The knob of our 2003 Honda Odyssey broke so, rather than take the easy way out with a replacement, I decided to design and print a replacement in the classic "chicken head" design dating back to the '50s.
Obviously, a little finishing work (i.e. sanding) is due and then some paint. I think I'll paint it black with a thin stripe on the "beak" so the backing light will be visible through the off-white PLA.
I'd like to make another but I also have concerns about the PLA getting too soft on a black dashboard in the hot sun. So I'm planning on making a silicone mold of this printed part so I can cast it in resin and have a version that will be be able to better withstand the heat of a car interior. This will be interesting, I've never done a two-part mold of a 3D printed part, only open-faced molds of a couple previous projects.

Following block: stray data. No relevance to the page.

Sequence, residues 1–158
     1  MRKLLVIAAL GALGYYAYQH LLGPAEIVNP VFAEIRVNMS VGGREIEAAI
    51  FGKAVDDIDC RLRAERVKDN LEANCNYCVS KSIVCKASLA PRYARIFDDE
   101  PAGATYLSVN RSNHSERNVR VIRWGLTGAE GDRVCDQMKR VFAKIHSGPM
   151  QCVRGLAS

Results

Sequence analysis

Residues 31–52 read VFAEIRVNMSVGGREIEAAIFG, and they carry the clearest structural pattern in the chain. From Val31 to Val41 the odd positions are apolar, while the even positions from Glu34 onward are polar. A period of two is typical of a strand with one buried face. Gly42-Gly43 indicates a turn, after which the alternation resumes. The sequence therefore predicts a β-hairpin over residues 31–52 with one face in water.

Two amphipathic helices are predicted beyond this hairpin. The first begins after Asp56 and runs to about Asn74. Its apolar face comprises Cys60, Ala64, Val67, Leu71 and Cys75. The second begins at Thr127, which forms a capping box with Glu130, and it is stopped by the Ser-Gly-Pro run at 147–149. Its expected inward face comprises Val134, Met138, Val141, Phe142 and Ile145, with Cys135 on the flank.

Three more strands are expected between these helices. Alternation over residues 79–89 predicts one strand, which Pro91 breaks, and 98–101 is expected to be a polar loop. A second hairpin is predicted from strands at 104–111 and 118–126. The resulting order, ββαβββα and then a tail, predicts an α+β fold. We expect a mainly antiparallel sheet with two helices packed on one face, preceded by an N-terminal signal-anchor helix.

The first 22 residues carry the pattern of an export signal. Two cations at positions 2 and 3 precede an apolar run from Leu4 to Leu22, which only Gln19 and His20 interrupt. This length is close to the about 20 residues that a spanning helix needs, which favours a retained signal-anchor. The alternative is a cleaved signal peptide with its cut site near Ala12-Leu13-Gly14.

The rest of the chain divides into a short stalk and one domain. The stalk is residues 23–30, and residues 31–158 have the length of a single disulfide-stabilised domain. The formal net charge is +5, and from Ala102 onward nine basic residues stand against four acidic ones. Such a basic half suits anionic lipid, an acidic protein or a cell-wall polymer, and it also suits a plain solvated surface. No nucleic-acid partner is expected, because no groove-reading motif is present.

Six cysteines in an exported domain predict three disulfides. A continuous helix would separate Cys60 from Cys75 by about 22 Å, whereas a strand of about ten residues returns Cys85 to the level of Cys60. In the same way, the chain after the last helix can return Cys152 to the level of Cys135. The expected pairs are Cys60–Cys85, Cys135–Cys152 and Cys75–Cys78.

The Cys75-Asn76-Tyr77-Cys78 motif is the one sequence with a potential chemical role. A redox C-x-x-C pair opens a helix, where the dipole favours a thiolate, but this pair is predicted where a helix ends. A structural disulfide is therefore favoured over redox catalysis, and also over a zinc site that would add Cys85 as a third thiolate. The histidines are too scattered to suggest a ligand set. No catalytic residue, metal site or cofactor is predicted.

Once that's done, I'll paint and stripe the cast ones for permanent use.
Now that the model was just right to fit the car functionally, I could have some fun trying to adapt the classic "chicken head" design within dimensions that would work well in the car and printed it out.....
I found that the printed knob was *very* accurate except for the inside D hole, which printed about 6% too small, probably due to the natural "squish" of the PLA. Back in 123D Design, I expanded the hole by this amout and, to save time, I printed only that part of the model - it fit perfectly!
Having not designed an original mechanical part to fit onto a commercial product, I used my calipers to measure every dimension of the original knob where it interfaces with the car - the shaft receptacle and the proper circumference lip design. The top at this point was just a simple stand-in. I printed this as a proof-of-concept for the basic functional design and to prove that my 3D printer (Flux 3D Delta) could give me the accuracy that this project needed.